Micro- and nanomechanics of mineralised collagen fibre elasto-plasticity
MetadataShow full item record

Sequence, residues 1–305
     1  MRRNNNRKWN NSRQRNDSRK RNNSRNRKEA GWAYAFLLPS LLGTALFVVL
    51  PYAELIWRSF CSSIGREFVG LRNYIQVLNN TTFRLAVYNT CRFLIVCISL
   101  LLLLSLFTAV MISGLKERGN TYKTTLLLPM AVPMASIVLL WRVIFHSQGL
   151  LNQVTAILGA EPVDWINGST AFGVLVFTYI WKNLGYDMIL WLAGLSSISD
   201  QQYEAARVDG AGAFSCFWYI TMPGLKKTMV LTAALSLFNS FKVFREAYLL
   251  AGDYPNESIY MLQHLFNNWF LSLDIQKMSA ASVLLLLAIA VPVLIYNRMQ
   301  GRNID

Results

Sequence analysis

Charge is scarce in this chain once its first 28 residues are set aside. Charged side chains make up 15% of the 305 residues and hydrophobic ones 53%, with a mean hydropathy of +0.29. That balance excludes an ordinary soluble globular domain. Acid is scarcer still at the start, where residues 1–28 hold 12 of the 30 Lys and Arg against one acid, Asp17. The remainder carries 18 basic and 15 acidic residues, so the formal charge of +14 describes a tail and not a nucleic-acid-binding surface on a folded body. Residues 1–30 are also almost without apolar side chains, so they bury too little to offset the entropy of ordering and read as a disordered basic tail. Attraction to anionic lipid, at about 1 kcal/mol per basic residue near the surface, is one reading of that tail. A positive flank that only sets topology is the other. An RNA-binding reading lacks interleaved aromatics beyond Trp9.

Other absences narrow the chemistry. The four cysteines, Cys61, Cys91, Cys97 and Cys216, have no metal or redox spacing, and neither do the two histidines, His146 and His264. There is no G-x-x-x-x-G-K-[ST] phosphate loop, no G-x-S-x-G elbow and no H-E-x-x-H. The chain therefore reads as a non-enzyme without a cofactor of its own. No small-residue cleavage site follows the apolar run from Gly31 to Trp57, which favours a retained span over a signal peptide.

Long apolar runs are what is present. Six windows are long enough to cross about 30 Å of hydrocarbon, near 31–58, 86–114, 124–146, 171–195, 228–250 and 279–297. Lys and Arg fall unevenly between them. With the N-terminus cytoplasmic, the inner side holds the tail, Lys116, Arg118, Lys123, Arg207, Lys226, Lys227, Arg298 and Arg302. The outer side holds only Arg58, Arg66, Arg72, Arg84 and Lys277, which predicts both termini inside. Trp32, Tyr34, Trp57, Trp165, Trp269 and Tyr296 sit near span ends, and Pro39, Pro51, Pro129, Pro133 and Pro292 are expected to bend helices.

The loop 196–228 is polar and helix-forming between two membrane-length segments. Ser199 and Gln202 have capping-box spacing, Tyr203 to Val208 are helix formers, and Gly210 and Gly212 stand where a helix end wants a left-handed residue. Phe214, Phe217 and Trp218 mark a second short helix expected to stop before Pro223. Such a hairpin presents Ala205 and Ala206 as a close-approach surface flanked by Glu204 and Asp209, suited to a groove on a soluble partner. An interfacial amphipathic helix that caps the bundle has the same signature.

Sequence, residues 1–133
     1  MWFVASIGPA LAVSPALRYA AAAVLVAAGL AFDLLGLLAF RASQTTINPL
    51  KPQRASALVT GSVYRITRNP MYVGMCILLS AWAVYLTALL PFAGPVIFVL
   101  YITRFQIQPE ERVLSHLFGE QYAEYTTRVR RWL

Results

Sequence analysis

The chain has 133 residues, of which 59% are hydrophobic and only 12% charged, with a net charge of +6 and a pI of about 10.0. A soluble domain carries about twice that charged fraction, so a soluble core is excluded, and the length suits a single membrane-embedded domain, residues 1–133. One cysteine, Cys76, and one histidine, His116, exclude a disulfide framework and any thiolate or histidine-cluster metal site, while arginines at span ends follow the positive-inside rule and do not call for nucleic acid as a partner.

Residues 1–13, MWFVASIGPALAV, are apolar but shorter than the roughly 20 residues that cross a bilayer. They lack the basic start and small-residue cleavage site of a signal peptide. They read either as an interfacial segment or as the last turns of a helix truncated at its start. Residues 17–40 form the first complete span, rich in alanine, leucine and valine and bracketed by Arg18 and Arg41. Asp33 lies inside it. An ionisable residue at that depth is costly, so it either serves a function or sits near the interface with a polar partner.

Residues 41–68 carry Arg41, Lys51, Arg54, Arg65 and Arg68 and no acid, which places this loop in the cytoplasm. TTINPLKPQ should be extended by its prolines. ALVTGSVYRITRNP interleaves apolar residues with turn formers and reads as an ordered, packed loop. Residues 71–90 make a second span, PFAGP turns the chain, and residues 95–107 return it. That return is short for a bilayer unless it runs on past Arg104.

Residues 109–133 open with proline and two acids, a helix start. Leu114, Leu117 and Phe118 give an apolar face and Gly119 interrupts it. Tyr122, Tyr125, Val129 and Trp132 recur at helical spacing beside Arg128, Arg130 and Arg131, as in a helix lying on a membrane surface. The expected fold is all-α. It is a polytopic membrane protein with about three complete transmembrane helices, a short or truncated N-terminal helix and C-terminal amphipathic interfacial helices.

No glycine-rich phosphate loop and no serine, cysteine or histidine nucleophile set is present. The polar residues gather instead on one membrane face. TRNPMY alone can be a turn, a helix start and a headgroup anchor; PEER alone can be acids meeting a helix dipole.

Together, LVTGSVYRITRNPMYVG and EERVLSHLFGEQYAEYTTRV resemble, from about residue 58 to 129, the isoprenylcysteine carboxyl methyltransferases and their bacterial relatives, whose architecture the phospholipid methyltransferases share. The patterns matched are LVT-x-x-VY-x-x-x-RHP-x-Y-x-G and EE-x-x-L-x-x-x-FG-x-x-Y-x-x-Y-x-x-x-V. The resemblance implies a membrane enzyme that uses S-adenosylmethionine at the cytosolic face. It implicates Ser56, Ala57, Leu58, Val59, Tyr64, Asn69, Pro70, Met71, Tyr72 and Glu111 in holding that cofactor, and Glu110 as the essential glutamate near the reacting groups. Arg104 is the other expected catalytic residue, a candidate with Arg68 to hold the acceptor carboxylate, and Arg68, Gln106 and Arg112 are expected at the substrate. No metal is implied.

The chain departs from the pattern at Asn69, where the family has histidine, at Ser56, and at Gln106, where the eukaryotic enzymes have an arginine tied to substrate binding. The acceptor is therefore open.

Musculoskeletal diseases such as osteoporosis, osteoarthritis and bone cancer pose a significant social and economic challenge in ageing societies worldwide. In digital healthcare, computational models could be a cornerstone in mitigating these challenges by facilitating, for example, personalised bone strength analyses or manufacturing of bespoke implants. Such models, however, critically depend on understanding the complex characteristics of bone as a material. Currently, there is limited knowledge on the elasto-plastic behaviour of bone’s fundamental mechanical building block, the mineralised collagen fibre. Especially the load transfer between mineralised collagen fibrils and mineral particles, its main mechanical components, is unclear. Therefore, we aimed at (i) simultaneously quantifying the fibre, fibril and mineral deformation using a micro- and nanomechanical testing protocol, (ii) formulating a statistical constitutive model to explain the fibre behaviour and the load transfer between its constituents as well as (iii) using (i) and (ii) to test under quasi-physiologic conditions. Laser manufacturing and focused ion beam milling were used to extract micrometre sized samples from individual mineralised collagen fibres of mineralised turkey leg tendon, a model system for bone. These micropillars were tested in an experimental set-up that combined micropillar compression and X-ray scattering or diffraction under dry and rehydrated conditions. An elasto-plastic statistical constitutive model was developed in which two shear lag models simulate the stress transfer between fibre, fibril and mineral. Ultrastructural features were included based on nanoscale imaging data. Experimental data show small fibril and mineral strains compared to the fibre strain. This was related to localised strains and heterogeneous fibril deformations due to a gradual nonlinear fibril recruitment. By incorporating this recruitment, the model can explain the elasto-plastic fibre behaviour as seen in dry and rehydrated experiments including the load transfer between fibre, fibrils and mineral particles with an accuracy of 95% for dry and 89% for rehydrated conditions. The model provides distributions for the micro- and nanomechanical responses and, thus, directly simulates strain ratios determined experimentally by in-situ mechanical testing and X-ray scattering/diffraction measurements. Experiment and model allowed it to identify the micro- and nanome-chanical behaviour of the fibril array. Rehydration decreased fibre stiffness by 60%, yield and compressive strength by 75%, and fibril stiffness by 25%. The new insights into the micro- and nanoscale elasto-plastic behaviour of bone’s fundamental mechanical building block help to understand bone’s hierarchical material mechanics. Results may be used to inform computational models for nonlinear bone strength analyses as well as the design of tissue engineered bio-inspired implants.